Suicide prevention Contents


116.The Government’s 2012 suicide prevention strategy outlined support for the media in delivering sensitive approaches to suicide and suicidal behaviour as a key area for action. The strategy set out two key aspects to that support:

a)Promoting the responsible reporting and portrayal of suicide and suicidal behaviour in the media; and

b)Continuing to support the internet industry to remove content that encourages suicide and provide ready access to suicide prevention services.99

117.Samaritans explained the danger of irresponsible media reporting:

Significant worldwide research shows links between certain types of media reporting of suicide and increases in suicide rates. Reports which include detailed descriptions of a suicide method can lead to more deaths using the same method, and dramatic or romanticised coverage of a death by suicide can lead to vulnerable people over-identifying with particular characteristics of the person who has died and this may influence their decision to take their own life.100

Guidelines for responsible reporting of suicide

118.In our interim report, we made clear that there are already clear and coherent guidelines for the media, most notably Samaritans’ Media Guidelines for Reporting Suicide.101 However, as we noted in our interim report,

During the course of our inquiry, we have identified several instances of inappropriate reporting and portrayal of suicide, all by leading broadcasters and mainstream newspapers.102

119.We again note with concern the widespread continued use of the term “commit suicide”, which reinforces stigmatising attitudes from a time when suicide was a criminal offence. This is of significant concern because stigma around suicide leads to vulnerable individuals not seeking the help they need.

120.We remain concerned about the level of non-adherence to the guidelines on media reporting of suicide. While recognising the excellent work that Samaritans do in this area, we are concerned that there appears to be no accountability or responsibility for monitoring adherence to the guidelines. As we noted in our interim report,

When we questioned Public Health England, they did not believe that they were responsible for taking action to counter irresponsible reporting, nor could they identify whose responsibility it was to do so.103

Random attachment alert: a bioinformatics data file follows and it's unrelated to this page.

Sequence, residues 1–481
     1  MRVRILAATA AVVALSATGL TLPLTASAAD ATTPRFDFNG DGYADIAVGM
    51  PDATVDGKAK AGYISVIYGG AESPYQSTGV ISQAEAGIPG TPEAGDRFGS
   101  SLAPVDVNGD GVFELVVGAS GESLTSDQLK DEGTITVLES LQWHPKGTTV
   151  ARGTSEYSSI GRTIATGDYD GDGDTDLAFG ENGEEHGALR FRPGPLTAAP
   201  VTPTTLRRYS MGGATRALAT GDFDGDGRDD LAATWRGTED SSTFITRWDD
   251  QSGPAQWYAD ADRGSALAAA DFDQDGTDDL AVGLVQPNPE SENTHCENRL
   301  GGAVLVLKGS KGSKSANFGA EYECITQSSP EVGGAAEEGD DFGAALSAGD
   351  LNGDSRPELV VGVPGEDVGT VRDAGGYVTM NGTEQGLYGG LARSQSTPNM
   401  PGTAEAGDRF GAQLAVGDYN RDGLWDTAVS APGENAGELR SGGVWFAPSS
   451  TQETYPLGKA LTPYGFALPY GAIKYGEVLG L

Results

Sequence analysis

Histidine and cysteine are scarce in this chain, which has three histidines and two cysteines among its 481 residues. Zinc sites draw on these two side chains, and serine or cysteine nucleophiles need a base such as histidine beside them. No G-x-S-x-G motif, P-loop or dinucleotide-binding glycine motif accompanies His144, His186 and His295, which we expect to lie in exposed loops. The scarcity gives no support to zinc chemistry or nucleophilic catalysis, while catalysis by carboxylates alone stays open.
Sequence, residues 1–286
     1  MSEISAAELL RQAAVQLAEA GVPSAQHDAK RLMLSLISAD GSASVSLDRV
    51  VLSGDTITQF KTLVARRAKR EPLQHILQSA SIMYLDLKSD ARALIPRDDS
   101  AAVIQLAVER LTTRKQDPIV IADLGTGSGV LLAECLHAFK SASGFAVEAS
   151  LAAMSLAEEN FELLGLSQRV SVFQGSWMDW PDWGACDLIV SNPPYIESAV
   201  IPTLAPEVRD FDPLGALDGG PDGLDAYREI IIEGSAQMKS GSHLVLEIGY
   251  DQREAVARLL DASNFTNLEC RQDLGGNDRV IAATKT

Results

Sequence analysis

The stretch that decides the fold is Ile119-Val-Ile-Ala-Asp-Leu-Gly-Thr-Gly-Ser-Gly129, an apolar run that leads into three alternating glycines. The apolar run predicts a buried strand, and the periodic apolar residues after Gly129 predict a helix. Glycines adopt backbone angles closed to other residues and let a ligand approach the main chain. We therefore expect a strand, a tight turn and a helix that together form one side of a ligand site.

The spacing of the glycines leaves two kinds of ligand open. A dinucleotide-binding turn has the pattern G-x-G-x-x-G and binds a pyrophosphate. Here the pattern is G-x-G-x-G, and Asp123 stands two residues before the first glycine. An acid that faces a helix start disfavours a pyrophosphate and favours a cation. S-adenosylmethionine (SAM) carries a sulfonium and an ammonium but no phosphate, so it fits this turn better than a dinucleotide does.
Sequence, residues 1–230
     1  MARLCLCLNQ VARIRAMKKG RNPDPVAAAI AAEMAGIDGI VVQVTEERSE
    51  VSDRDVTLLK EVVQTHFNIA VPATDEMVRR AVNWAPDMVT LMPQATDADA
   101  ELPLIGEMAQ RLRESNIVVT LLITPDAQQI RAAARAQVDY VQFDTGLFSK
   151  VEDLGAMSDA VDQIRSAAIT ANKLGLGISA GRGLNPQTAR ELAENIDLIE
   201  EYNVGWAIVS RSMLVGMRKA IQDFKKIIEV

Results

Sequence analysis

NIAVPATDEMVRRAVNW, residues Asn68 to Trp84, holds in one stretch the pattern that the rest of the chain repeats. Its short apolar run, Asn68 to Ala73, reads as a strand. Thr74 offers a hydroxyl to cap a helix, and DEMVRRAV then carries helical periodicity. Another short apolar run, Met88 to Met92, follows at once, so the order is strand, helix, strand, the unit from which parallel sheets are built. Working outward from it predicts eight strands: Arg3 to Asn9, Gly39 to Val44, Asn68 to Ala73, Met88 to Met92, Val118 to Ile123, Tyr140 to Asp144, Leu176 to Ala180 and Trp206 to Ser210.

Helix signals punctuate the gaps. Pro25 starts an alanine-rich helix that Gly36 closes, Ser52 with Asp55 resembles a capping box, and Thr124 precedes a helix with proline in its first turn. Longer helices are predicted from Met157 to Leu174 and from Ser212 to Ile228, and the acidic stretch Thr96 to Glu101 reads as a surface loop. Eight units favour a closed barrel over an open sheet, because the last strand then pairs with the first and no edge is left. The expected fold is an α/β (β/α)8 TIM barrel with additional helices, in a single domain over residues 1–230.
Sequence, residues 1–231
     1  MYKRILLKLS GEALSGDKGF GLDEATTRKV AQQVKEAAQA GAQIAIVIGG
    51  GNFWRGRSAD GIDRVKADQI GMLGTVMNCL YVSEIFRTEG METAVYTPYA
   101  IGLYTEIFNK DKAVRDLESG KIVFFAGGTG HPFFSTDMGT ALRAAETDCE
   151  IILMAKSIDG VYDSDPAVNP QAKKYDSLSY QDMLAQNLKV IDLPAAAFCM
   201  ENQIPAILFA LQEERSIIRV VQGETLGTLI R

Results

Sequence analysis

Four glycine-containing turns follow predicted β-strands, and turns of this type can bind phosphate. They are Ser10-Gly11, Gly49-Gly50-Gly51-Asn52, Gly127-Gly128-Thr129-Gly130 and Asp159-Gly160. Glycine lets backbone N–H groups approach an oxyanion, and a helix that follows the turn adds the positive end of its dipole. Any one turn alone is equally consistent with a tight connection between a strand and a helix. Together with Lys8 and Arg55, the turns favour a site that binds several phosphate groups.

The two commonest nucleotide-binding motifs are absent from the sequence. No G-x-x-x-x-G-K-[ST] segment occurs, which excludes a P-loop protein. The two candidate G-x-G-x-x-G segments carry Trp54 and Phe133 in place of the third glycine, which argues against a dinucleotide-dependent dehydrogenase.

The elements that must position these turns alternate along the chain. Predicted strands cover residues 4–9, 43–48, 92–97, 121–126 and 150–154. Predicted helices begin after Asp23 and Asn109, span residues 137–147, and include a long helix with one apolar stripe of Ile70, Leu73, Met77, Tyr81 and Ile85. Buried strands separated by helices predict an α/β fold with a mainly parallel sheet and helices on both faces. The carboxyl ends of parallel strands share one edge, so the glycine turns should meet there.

121.We found it unacceptable that it has been unclear who is responsible and accountable for media reporting of suicide. We are concerned that Public Health England told the Committee that the accountability and follow-up was not part of Public Health England’s role but was left wholly for Samaritans to deal with. Moreover the progress report on the strategy, rather than outlining in detail any specific action that the Government is taking in this area, just sets out the excellent work done by Samaritans. To be clear, we are not undermining the work of Samaritans in this area, nor are we suggesting that their work is inadequate. But it should not be the role of a charity, whose work is funded by donation, to be ultimately accountable and responsible for promoting and monitoring adherence to the guidelines.

122.We are pleased that, as Professor Fenton told us in written evidence,

PHE and Samaritans remain in regular contact on media reporting of suicides. If there is a concern from the Samaritans on media reporting of suicides, Samaritans has the ability and option to escalate these concerns to PHE and also to the National Suicide Prevention Strategy Advisory Group and its Chair Professor Appleby.104

123.We are also pleased that, prompted by our discussions with PHE on this point, these current arrangements will become formalised through a partnership agreement by the end of March 2017.105 We note the lack of detail on the action that may be taken if concerns are escalated to PHE and we recommend that PHE should include options for action in its partnership agreement with Samaritans.

124.We urge the Department of Health and Public Health England to be vocal and proactive in their support for the work ensuring responsible reporting of suicide. We recommend that there should be a nominated person within the Government/Public Health England who is ultimately responsible for ensuring that the Government has a firm grasp of the current media situation and for supporting Samaritans and other organisations and individuals in their work with the media.

125.A clear message must be sent to the media that the Government supports Samaritans’ media guidelines and the work that Samaritans do in helping journalists report suicide responsibly.

Local media

126.Work with local media on responsible reporting of suicide is likely to be highly variable, and irresponsible reporting at local level results in a risk of regional clusters of suicide. We recognise that work with local media is likely to be most effective when done at a local level, and note that this is being done already in some local authorities, including in Kent, Devon and Bristol.106

127.We recommend that when producing and updating suicide prevention plans, local authorities should include work with local media to ensure good practice in local media sources and to ensure timely follow-up discussions when a guideline has not been followed.


128.In 2006 a new sub-clause on the reporting of suicide was added into the Editors’ Code of Practice. The current version states that:

When reporting suicide, to prevent simulative acts care should be taken to avoid excessive detail of the method used, while taking into account the media’s right to report legal proceedings.107

129.Samaritans, whose work precipitated the addition of the sub-clause, contend that the current clause in the Editors’ Code of Practice does not go far enough: